Background A walk-in weekly men’s sexual health clinical service, provided by a male clinical team, was established in 2006.
Methods We analysed new patient episodes at a dedicated men’s sexual health clinic in Alexandra Township, South Africa over 6 years (2007–2012). STI syndromes were treated immediately and all men were offered urine-based molecular screening for Neisseria gonorrhoeae (NG), Chlamydia trachomatis (CT), Trichomonas vaginalis (TV) and Mycoplasma genitalium (MG) infections and serological screening for syphilis. Clinical and laboratory data were analysed using STATATM version 10.
Results Among the 876 new clinical episodes, the most common presentations were genital warts (432, 49.5%), male urethritis syndrome (188, 21.6%) and genital ulceration (82, 9.4%). The proportion of patients attending for genital wart treatment increased over time. Few men (51, 5.9%) presented as sexual contacts. The patients’ peak age range was 25–29 years; only 40 (4.6%) men were < 20 years old. HIV testing history was provided by 871 men: 156/430 (36.3%) men who knew their serostatus were HIV positive but 441 (50.6%) had never tested. Laboratory testing of 822 urine specimens detected 108 (13.1%) NG, 100 (12.2%) CT, 51 (6.2%) TV and 68 (8.3%) MG infections. The syndromic approach alone would not have treated 16 (14.8%) NG, 57 (57.0%) CT, 46 (90.2%) TV and 49 (72.1%) MG infections. NG/CT infections were most prevalent among those aged 18–19 years old (34.5% and 17.2%, respectively); in contrast, TV/MG infections were most prevalent in the 35–39 year old age group (1.7% and 11.8%, respectively). The prevalence of rapid plasma reagin seroreactivity was 2.2%. Overall condom use was 16.9% with regular partners and 52.5% with non-regular partners.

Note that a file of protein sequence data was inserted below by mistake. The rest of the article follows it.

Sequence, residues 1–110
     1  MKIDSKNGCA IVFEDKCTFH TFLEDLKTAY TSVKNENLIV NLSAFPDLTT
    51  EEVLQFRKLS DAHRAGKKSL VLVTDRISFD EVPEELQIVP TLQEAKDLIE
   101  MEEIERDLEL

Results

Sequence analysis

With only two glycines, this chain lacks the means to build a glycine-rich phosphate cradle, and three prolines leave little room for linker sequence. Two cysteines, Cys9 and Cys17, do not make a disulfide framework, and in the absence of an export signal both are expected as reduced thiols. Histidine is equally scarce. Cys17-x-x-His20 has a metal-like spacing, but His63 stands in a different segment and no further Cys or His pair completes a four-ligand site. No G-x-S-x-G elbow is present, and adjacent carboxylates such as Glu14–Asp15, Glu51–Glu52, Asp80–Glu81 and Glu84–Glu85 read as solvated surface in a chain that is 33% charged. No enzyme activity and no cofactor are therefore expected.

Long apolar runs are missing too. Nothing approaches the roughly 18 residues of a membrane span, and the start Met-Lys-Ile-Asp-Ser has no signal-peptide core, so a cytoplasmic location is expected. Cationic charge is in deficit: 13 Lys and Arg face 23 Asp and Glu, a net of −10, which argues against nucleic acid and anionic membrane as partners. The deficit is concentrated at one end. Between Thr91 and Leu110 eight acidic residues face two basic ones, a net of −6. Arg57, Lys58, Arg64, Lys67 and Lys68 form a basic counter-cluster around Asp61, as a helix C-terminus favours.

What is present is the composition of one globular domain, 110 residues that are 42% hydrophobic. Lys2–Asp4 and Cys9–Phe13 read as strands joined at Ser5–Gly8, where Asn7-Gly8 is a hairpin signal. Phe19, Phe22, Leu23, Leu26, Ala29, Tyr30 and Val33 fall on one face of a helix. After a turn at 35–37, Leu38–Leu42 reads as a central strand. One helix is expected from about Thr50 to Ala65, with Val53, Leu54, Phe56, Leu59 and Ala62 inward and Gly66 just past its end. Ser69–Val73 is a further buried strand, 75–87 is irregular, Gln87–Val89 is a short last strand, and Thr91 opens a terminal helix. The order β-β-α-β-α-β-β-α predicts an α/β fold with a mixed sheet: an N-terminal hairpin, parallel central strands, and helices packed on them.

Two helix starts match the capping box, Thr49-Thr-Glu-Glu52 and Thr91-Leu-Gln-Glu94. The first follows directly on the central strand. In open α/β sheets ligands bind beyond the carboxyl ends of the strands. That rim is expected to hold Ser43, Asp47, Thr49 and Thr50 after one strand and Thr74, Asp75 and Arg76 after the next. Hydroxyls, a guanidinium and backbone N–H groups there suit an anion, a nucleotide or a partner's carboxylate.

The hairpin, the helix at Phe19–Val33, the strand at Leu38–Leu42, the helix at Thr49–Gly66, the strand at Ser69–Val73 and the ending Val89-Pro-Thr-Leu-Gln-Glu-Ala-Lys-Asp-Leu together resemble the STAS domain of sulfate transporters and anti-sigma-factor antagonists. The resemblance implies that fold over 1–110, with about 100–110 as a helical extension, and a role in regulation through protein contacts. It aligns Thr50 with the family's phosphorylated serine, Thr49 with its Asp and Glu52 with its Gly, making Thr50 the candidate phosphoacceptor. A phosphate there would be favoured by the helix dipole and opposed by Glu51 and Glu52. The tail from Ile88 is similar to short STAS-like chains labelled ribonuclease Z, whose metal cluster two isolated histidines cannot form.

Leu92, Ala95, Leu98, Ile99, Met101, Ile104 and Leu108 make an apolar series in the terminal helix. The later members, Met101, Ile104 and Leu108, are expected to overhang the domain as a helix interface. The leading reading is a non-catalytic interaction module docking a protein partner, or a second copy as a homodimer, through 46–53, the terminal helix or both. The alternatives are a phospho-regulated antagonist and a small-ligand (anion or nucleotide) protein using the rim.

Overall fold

Conclusion Asymptomatic STIs, poor clinic attendance by youth, poor uptake of HIV testing by men and low rates of condom use with partners remain challenges for STI management in South Africa.
- sexual health